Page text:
Vera Chytilova wrote and directed this two-part story that took the Grand Prix at the Mannheim Film Festival.
Being John Malkovich
A lowly puppeteer takes a job as a file clerk in an office, only to discover a mysterious portal that transports a person into the mind of actor John Malkovich, only to be spit out alongside the New Jersey Turnpike fifteen minutes later.
A Serious Man
Larry Gupnick’s (Stuhlbarg) life is going off the rails. Or at least, the rails are rapidly disappearing. His wife, Judith (Sari Lennick), is leaving him. His son is soon to come of age, but is more concerned about stealing money to buy pot. And his colleague, Sy (Melamed), is the one joining Judith once they’re separated. Up for tenure and down on his luck, Larry turns to his church for help. Packed with existential enigma, the Coen Brothers have painted a personal portrait of the world they grew up in and, in doing so, created one of cinema’s most accurate depictions of faith – and all its ridiculous (and irrelevant) stubbornness. Read our full review.
Félicité, free and proud, is a singer in the evenings in a bar in Kinshasa. Her life changes when her 14-year-old son is the victim of a motorcycle accident. To save him, she begins a frantic race through the streets of an electric Kinshasa, a world of music and dreams. Winner of Berlin’s Silver Bear, Alain Gomes’ fantastic film is the latest to be snapped up exclusively by MUBI. (Read our full review.)
A young woman finds out she is condemned to gradually lose her sight while spending her summer vacation at a beach resort. While her mother Maud has vowed to make Ava’s month of holidays an unforgettable experience, Ava decides to take a another route.
The Anderson Tapes
A thief just released from ten years in jail, takes up with his old girlfriend in her posh apartment. He makes plans to rob the entire building. What he doesn’t know is that his every move is recorded on audio and video tape, although he is not the subject of any surveillance.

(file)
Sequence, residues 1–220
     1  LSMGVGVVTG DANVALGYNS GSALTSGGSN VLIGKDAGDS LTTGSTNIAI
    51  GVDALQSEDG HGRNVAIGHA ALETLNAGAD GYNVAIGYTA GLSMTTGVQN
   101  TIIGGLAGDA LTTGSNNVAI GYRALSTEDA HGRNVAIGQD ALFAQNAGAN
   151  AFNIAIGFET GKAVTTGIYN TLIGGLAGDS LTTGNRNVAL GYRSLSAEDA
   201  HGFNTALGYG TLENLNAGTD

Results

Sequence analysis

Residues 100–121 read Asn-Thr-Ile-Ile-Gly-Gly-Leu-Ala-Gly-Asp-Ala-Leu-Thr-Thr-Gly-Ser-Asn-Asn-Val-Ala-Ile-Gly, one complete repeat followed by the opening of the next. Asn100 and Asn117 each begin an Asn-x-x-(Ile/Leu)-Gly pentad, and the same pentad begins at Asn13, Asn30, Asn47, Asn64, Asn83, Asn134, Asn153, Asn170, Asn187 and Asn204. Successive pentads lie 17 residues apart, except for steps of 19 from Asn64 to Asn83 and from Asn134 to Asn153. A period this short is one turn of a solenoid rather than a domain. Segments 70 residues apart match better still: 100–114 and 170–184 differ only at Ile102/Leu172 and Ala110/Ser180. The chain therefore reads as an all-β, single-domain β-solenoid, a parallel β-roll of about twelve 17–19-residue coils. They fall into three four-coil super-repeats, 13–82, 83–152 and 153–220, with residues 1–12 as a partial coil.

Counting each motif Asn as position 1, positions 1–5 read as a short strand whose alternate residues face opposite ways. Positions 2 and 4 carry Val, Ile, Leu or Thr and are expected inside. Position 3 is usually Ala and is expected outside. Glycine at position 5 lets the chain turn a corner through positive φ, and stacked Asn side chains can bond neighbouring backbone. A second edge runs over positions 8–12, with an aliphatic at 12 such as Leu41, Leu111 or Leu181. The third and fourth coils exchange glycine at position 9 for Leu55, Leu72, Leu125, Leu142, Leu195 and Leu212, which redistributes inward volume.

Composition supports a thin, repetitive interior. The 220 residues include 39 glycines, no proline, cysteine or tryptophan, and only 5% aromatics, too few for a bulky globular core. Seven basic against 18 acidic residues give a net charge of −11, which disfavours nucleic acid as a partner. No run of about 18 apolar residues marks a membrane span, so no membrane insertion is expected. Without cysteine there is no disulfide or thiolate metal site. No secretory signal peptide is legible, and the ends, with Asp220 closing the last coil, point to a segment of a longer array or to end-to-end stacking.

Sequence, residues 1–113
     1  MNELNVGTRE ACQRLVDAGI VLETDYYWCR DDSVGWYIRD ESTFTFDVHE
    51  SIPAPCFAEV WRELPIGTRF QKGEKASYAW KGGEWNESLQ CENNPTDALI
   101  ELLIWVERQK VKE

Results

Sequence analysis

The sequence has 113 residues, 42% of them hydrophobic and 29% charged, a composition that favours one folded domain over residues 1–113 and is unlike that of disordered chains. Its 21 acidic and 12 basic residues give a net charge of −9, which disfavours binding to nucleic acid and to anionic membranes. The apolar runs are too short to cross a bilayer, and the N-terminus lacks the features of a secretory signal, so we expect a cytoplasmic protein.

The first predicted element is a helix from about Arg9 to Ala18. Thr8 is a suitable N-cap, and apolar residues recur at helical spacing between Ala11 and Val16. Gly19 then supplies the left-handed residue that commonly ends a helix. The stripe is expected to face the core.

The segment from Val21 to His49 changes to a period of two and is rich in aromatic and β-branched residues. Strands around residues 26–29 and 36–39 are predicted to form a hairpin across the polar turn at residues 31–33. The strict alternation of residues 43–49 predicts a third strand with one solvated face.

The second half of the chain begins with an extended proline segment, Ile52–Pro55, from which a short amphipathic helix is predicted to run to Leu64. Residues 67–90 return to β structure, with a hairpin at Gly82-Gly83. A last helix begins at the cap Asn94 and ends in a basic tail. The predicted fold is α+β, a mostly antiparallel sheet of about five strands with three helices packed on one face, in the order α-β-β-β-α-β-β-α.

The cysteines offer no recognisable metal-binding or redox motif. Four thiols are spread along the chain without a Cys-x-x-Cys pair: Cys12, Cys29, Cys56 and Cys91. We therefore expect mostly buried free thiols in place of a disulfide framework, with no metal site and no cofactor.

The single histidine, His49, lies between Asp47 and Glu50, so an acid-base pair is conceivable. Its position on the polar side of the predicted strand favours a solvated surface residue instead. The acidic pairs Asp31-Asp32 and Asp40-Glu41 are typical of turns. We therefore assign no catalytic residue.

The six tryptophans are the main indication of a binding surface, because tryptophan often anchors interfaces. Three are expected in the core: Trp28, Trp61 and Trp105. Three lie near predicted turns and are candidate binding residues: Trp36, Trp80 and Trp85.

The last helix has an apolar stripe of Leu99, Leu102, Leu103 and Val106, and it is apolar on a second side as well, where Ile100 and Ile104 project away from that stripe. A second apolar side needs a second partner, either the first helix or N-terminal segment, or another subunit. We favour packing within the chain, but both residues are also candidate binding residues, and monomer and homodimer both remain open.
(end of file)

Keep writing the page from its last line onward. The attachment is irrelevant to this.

Following his cult classic Clerks with full support from Hollywood, Kevin Smith turned in Mallrats the similarly location bound slacker comedy which stands as a perfect portrait of the 90s.
“How could I have known that murder could sometimes smell like honeysuckle?” Billy Wilder’s noir classic, co-written with king of hard-boiled crime Raymond Chandler, sees an insurance salesman talked into a murder by Barbara Stanwyck’s femme fatale. Iconic, must-see cinema.
Satoshi Kon is one of the great animators of cinema but, after only four movies, died at the too young age of 46. MUBI celebrates his work with a double-bill, beginning with this quasi-remake of John Ford’s 3 Godfathers.
Satoshi Kon’s final feature is a reminder of his genre and reality-bending ambition and imagination. Paprika follows a research psychologist, who begins using a revolutionary new technology to enter the dreams of her psychiatric patients in order to help them. But when a prototype is stolen, it could spell disaster.
The Age of Innocence
Daniel Day-Lewis, Michelle Pfeiffer and Winona Ryder lead Martin Scorsese’s resplendent adaptation of Edith Wharton’s classic novel.
Richard Kelly’s enigmatic, mind-bending fusion of teen movie, horror flick and sci-fi thriller is an instant cult classic, boasting a bold screenplay, a great performance by Jake Gyllenhaal and a man in a giant rabbit shot called Frank.
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Last chance to stream: Titles leaving MUBI soon
Available until end of: 6th January
Available until end of: 7th January
Available until end of: 8th January
Available until end of: 9th January
Available until end of: 10th January
Available until end of: 11th January
Available until end of: 12th January
Available until end of: 13th January
Bill Viola: The Road to St Paul’s
Available until end of: 14th January
The Age of Innocence
Available until end of: 15th January